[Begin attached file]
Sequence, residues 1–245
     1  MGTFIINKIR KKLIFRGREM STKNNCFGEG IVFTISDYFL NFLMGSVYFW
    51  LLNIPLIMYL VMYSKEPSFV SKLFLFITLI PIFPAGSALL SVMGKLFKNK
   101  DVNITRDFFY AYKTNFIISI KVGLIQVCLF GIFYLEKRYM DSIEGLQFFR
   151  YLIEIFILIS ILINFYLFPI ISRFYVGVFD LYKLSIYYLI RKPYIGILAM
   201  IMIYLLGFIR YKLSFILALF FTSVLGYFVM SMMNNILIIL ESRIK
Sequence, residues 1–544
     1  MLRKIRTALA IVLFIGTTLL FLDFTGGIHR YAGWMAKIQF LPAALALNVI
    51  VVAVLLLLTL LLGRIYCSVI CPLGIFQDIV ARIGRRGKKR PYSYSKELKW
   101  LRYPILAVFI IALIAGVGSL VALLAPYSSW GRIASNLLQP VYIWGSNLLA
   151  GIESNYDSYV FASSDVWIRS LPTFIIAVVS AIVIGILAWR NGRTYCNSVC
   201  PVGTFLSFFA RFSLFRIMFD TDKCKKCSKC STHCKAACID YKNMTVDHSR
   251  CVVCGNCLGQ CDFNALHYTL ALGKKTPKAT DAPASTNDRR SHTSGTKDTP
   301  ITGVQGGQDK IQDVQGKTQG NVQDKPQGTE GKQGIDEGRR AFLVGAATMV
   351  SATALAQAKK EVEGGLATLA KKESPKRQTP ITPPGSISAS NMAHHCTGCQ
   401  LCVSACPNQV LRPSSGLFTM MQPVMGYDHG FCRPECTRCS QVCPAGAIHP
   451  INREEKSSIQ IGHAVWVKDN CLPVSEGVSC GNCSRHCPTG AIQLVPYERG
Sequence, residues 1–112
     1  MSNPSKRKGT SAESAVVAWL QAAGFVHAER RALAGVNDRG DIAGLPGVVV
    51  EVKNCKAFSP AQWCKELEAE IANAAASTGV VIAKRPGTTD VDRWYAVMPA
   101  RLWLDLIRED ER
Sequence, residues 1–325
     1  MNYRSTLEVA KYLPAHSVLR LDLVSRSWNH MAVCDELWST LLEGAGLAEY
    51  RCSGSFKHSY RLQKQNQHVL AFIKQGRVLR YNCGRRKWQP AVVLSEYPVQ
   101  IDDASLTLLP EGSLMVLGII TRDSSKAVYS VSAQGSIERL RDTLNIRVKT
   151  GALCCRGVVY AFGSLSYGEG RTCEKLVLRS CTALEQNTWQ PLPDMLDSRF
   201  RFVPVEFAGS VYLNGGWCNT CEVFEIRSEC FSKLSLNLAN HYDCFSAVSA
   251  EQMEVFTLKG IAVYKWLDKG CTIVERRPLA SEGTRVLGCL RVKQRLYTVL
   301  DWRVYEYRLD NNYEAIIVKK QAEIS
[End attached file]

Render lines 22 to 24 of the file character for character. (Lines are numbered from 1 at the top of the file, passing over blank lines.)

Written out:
Sequence, residues 1–325
     1  MNYRSTLEVA KYLPAHSVLR LDLVSRSWNH MAVCDELWST LLEGAGLAEY
    51  RCSGSFKHSY RLQKQNQHVL AFIKQGRVLR YNCGRRKWQP AVVLSEYPVQ